Perhaps not surprisingly, I’ve been deluged recently with enquiries from small business operators and commercial space landlords about rental relief in the time of COVID-19. For those affected, here’s a quick snapshot of what’s on offer.
The right to rental relief on commercial leases is dealt with in a Federal Government mandatory code of conduct (a.k.a. “the Code”) agreed by the National Cabinet on 3 April 2020. Although the Queensland Government has not yet passed regulations under that Code, when it does its regulations will mirror the Code’s requirements and apply them from the 3 April approval date. In the meantime, tenants and landlords are being encouraged to voluntarily strike agreements in line with the Code’s principles.
In short, under the Code a commercial leaseholder is entitled to relief if their business and turnover are negatively impacted during the COVID-19 “lockdown,” from the time they are first required to close their business, until such time as they are legally able to operate at 100% effectiveness. If the business fits the Commonwealth Government’s JobKeeper program (irrespective of whether or not it applied under that program), has a turnover of less than $50 million per year, and its turnover has been negatively impacted by at least 30%, the relief provisions of the Code will apply. The commercial leaseholder’s entitlements will include rental relief in the form of combined waivers and/or deferrals of up to 100% of the current rental, based on the actual reduction to the business’s turnover. Similar relief applies to outgoings payable under the lease during the period of lockdown. The landlord must not seek to resort to a rental guarantee or bond (including a bank guarantee) during the disruption period, and the lease cannot be terminated for non-payment of the unadjusted rent during the period of business disruption, even if the fixed term ends during that period.
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The degree of rental relief is calculated by reference to turnover. For example, if a commercial leaseholder’s turnover is disrupted by 50%, reasonably demonstrated by comparison with turnover figures pre and post the disruption period, then the business owner can seek a corresponding reduction in rental. That is, at least one-half must be fully waived and is unrecoverable by the landlord, even after the end of the disruption period, and the remaining portion is deferred and must be amortised and repaid to the landlord over the balance of the lease term or 24 months after the end of the disruption period, whichever is greater. Assuming a 50:50 split of waiver to deferral, it is anticipated the amortised deferred repayments will be added to monthly rental payments after the rental situation returns to normal at the end of the disruption period. Similar principles apply to the adjustment of outgoings and a proportionate reduction in taxes and costs of services procured by the landlord.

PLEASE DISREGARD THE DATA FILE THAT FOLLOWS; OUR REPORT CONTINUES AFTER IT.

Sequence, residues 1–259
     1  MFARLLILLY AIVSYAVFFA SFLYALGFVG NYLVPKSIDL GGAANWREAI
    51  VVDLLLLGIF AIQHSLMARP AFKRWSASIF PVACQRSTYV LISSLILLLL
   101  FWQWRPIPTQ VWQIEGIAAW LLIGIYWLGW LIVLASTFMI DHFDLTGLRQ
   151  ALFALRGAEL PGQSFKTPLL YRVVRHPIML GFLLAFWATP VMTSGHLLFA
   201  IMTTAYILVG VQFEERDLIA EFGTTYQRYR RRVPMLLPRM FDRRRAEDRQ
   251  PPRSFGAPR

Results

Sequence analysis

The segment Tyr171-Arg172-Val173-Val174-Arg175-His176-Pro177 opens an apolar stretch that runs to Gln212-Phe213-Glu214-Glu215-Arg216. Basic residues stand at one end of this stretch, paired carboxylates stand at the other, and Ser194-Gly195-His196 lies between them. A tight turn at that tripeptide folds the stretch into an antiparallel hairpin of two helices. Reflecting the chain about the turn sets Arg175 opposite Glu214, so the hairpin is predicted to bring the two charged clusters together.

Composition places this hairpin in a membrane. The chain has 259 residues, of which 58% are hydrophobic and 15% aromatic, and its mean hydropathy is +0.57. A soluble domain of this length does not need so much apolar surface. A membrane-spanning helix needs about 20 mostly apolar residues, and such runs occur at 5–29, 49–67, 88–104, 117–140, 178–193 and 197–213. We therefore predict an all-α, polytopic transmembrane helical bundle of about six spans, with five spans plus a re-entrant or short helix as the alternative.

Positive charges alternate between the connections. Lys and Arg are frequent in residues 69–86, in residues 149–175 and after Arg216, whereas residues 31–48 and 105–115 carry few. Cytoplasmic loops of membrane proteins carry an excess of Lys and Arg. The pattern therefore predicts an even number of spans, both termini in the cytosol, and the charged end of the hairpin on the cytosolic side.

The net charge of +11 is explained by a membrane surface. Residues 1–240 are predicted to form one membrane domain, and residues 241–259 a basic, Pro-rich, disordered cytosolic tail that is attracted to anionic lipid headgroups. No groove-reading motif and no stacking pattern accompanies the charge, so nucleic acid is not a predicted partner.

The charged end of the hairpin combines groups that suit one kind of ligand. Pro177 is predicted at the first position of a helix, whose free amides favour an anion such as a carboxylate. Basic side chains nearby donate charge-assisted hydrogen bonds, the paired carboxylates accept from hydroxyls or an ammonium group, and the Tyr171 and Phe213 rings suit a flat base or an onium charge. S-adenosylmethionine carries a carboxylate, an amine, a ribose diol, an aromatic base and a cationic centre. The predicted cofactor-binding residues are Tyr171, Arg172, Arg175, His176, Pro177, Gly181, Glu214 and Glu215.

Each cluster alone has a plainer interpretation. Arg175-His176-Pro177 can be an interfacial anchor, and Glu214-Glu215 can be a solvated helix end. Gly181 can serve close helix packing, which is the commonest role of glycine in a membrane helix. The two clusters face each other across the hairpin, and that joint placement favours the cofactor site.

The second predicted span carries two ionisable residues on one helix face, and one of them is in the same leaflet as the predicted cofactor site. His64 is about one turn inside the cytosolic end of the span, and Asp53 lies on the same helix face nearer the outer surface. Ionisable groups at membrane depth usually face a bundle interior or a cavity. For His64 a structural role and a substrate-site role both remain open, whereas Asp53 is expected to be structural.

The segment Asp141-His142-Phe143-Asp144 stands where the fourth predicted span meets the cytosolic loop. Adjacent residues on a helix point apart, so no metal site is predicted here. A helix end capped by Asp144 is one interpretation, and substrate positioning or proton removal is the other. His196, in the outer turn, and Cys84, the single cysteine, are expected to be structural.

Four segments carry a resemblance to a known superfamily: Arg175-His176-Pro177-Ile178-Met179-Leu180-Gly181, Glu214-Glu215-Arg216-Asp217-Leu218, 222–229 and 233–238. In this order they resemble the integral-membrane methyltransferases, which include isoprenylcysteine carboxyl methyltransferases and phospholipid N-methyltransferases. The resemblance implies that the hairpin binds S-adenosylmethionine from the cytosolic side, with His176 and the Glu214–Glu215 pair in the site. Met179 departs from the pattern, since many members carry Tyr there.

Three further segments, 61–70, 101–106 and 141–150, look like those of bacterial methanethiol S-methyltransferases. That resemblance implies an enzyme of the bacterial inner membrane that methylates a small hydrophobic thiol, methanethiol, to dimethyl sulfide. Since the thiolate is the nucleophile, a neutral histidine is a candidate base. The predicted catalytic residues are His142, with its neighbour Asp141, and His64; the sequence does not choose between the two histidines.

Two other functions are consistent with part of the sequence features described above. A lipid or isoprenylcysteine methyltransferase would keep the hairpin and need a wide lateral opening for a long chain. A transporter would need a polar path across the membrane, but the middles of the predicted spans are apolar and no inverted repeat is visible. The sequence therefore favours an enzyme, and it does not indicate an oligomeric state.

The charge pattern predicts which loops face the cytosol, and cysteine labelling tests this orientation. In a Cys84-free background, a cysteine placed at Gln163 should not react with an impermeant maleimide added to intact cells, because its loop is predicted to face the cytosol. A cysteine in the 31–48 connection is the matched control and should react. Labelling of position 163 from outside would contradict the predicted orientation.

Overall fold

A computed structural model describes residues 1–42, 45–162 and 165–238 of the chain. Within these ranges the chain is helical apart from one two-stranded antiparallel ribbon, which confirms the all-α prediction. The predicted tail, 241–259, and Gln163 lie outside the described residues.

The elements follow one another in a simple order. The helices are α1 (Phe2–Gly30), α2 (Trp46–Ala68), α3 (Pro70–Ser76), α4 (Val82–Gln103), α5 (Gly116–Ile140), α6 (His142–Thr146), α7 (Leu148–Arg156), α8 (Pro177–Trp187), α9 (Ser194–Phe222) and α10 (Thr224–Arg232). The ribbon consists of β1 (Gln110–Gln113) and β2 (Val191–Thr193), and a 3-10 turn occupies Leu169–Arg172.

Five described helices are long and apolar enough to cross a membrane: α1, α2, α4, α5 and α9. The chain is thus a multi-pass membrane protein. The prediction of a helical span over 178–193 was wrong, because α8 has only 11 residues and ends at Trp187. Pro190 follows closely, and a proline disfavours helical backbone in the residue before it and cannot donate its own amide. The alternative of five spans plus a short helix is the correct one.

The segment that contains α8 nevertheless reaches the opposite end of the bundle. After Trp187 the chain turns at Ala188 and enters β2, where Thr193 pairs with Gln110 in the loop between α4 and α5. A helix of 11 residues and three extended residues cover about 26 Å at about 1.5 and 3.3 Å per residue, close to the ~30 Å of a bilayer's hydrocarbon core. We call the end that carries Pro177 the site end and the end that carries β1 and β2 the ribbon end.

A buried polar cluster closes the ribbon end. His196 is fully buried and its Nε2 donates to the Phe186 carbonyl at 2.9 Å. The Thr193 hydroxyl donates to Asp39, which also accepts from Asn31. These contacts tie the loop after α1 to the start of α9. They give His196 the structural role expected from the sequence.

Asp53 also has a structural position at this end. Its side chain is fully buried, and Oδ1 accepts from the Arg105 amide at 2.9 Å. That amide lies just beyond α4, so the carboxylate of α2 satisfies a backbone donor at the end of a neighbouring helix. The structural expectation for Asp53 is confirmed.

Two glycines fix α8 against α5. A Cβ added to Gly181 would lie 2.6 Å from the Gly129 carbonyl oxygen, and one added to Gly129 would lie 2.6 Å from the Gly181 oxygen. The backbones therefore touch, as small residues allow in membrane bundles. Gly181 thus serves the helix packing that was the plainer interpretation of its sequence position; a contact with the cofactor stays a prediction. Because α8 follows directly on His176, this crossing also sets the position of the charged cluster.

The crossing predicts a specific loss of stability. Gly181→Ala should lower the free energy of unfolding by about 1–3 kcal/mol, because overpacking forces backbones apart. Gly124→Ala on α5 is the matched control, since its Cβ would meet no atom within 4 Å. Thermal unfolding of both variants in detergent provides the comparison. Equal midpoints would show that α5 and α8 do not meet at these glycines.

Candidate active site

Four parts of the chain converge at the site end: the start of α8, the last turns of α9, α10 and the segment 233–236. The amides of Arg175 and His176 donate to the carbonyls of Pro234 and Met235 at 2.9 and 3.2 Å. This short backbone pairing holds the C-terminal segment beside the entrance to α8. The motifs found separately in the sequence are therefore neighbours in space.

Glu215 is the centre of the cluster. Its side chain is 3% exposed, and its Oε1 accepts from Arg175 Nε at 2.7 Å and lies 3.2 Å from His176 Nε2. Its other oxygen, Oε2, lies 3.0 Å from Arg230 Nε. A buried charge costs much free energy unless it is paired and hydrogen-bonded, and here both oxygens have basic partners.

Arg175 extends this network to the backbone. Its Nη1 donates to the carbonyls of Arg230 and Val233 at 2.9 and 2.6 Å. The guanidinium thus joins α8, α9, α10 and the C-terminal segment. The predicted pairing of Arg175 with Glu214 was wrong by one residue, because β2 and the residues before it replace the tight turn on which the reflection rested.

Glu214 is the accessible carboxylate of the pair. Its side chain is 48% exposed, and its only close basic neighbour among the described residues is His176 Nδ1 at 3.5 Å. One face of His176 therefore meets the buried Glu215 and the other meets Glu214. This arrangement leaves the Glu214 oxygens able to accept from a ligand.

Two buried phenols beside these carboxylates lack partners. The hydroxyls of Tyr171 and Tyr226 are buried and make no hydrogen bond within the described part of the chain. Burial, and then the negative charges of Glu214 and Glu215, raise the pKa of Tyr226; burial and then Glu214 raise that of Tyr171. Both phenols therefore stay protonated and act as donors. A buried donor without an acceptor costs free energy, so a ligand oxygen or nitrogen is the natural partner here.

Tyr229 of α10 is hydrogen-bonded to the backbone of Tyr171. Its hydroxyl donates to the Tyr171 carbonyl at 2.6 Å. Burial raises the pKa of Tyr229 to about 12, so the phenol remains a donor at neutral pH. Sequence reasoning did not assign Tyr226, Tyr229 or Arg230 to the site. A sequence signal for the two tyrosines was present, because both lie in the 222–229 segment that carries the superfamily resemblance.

The federal Code assumes landlords and tenants will negotiate commercially, in good faith, in applying its principles. But if mutual agreement can’t be achieved, the parties must submit to a binding mediation by a mediator appointed by the relevant State Consumer Affairs body. In Queensland, this will be the Office of Fair Trading.
Meanwhile, the Queensland Government has agreed to assist affected landlords of commercial premises by waiving land tax on eligible premises for up to three months. However, the agreement between landlord and tenant for rent relief in accordance with the Code principles must provide for State government land tax reductions to be passed on to tenants who are otherwise liable to reimburse the landlord for land tax under their lease.
So that’s it in a nutshell. Turning around the financial fallout of COVID-19 will no doubt take patience and plenty of sacrifice from all parties. Fortunately, as our business community has shown time and again, we’re more than up for the challenge.
Blog post written by Brendan Nyst, Director, Dispute Resolution and Litigation Lawyer